Children growing up in the same bilingual family can differ in how well they speak their two (or more) languages. Sometimes siblings in bilingual families differ in how much they use their two (or more) languages. Parents often remark that their eldest child is more bilingual than their youngest. Or that their youngest develops more quickly in the school language and often ends up preferring this language over the heritage language (or languages). A crucial moment in a bilngual family’s life is when the eldest child goes to school. Then, suddenly, the school language starts being used (more) at home and language dynamics may change in the family.

This is what parents often report, but to what extent is this backed up by research? What can the available research tell us about the language development of siblings in bilingual families? Do older children really have such a big influence on the bilingual language development of their younger siblings? And if so, is this the same for both the school language and the heritage language? The language development of siblings in bilingual families is a topic that we’ve done some research on recently. You’ll hear a bit more about this during the episode and you can read the study I talk about here (open access). I also talk to Canadian researcher Tamara Sorenson Duncan about her research on the topic.  

We also discuss the language use between siblings in bilingual families. Children often have a preference for the school language when they talk to each other, much to the frustration of at least one of their parents. There’s not much research on this topic but I will give you a number of practical tips for how, as a parent, you can ensure that your children continue to use their heritage language in the home.

In Let’s Klets (starts at 22:17), I talk to Gisi Cannizzaro, enthusiastic promoter of heritage language schools here in the Netherlands. Our Kletshead of the week (starts at 35:04) is the 11-year-old Ella from Montréal. She comes from an English-speaking household and attends French-language school. We talk about the language of dreams and about the word for “squirrel” in different languages!

Dr. Tamara Sorenson Duncan is an assistant professor at Carleton University in Ottowa, Canada. Her research focuses on the bilingual language development of children who immigrated or fled to Canada with their parents, children with language development disorders, and children with autism. The research she discusses in this episode was carried out as part of her doctoral research at the University of Alberta, under the supervision of Prof. Johanne Paradis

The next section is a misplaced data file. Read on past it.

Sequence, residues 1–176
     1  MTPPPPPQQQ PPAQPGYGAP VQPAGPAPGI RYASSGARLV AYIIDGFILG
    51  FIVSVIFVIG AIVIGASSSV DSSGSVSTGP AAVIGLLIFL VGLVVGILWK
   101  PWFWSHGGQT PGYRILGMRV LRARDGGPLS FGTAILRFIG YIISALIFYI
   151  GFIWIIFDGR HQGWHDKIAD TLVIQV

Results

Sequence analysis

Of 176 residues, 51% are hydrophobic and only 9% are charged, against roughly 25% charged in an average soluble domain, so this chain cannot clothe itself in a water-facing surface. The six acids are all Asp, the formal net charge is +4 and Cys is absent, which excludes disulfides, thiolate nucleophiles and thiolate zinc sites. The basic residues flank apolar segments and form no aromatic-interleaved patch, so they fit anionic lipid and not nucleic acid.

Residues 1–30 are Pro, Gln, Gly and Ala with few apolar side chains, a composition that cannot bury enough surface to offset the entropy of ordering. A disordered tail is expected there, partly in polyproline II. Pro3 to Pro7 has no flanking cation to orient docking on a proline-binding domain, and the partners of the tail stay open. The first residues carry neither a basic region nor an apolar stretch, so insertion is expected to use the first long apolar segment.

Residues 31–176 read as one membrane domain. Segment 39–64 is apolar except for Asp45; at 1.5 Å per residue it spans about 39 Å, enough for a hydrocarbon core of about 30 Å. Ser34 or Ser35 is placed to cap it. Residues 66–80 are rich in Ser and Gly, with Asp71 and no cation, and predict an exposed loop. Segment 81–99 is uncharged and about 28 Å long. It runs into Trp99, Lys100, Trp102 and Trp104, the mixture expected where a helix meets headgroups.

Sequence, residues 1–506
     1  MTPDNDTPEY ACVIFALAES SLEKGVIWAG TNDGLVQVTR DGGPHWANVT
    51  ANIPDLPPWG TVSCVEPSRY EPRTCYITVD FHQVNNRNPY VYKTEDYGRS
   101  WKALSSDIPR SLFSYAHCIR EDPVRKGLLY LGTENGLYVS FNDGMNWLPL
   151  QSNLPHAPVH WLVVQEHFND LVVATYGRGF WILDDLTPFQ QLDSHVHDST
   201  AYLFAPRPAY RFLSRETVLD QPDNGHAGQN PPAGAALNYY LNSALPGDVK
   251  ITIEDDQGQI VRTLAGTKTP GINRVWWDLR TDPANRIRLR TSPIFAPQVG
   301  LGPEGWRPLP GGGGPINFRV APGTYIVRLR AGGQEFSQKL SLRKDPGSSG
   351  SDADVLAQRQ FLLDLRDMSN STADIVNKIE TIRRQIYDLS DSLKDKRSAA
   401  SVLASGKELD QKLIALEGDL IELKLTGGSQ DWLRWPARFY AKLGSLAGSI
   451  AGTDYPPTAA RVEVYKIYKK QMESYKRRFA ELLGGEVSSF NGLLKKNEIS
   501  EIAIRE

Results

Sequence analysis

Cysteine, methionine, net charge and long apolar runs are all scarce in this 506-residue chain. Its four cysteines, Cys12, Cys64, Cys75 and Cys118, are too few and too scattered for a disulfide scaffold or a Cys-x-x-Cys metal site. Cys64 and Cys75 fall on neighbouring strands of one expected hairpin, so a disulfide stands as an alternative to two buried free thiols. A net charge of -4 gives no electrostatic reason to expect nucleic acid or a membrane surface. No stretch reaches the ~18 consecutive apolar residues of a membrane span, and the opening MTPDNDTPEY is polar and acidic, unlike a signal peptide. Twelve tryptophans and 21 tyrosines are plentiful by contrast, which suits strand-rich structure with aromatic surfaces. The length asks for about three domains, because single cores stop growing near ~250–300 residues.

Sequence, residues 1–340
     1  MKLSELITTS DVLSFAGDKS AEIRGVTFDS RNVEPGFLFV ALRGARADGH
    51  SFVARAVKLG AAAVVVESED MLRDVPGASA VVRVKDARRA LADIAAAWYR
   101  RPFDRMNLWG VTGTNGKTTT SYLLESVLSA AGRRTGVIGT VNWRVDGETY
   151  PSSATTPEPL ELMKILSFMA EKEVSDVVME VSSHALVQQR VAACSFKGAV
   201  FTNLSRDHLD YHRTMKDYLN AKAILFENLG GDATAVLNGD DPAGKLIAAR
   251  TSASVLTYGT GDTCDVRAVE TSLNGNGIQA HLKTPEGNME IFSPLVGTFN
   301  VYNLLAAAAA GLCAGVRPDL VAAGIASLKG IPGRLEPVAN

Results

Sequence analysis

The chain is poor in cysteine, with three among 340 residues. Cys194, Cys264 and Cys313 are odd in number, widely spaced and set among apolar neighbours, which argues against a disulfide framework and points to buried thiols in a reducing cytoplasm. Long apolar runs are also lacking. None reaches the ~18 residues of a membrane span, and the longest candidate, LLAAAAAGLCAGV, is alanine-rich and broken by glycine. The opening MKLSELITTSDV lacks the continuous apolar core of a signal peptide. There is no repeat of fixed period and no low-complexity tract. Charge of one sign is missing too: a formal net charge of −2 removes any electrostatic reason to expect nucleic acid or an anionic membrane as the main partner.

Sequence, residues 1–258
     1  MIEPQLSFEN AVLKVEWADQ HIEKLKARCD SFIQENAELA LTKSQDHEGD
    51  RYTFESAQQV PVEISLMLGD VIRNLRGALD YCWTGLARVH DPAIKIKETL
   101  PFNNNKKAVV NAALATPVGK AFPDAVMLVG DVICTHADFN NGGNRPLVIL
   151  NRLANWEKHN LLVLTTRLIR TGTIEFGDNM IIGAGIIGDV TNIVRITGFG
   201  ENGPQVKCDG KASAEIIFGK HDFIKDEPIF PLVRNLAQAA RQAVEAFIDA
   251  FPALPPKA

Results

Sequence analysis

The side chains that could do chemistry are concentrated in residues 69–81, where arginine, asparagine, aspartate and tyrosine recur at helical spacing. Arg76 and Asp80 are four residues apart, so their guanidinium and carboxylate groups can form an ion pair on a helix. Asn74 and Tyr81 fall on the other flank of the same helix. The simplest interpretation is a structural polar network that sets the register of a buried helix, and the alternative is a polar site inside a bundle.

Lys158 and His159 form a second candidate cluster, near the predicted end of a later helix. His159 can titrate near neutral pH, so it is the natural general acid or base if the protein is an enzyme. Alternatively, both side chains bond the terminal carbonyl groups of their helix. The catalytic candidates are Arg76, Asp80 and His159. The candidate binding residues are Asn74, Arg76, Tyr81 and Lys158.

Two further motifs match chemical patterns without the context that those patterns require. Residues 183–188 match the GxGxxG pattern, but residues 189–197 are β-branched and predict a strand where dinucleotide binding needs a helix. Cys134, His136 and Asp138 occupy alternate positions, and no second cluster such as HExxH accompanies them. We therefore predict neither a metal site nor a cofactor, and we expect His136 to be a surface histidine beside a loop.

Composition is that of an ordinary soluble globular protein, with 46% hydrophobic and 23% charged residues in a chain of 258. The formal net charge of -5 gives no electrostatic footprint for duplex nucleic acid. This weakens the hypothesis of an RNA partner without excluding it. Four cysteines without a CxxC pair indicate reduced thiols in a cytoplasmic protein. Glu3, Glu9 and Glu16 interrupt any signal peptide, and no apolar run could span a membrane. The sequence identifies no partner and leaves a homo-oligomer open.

Dr. Gisi Cannizzaro lives in Eindhoven with her Italian husband and two trilingual sons (English, Italian, and Dutch). Originally from New Orleans, in the U.S., she speaks English as her mother tongue. After completing a PhD in child language acquisition at Groningen University in the Netherlands, she worked for six years as an educational consultant helping multilingual, internationally mobile families with children. In 2018 she initiated two volunteer projects in Eindhoven: one to organize Italian language lessons for Italian-speaking children (Eindhoven Italian School “La Lampadina”) and one to organize a network of mother tongue (“heritage language”) programs, Heritage Language Schools Eindhoven. 

The Heritage Language Schools Eindhoven website contains information about heritage language education in the Eindhoven region, lists the available programs, and announces news and updates from these programs. The site also has information that is of interest for people living outside of Eindhoven: it lists events about multilingualism in the Netherlands and abroad (if online), features interviews with experts in the field of heritage language education, and contains useful resources for parents and Dutch school teachers. There is a special resource page devoted to information about professional development for heritage language program managers and organizers. 

Other relevant websites about heritage language schools include this list of programmes throughout the Netherlands on the website and Mother Tongues in Ireland. We spoke to the Director of Mother Tongues, Francesca La Morgia, in a previous episode of Kletsheads about the impact of the pandemic on bilingual families. 

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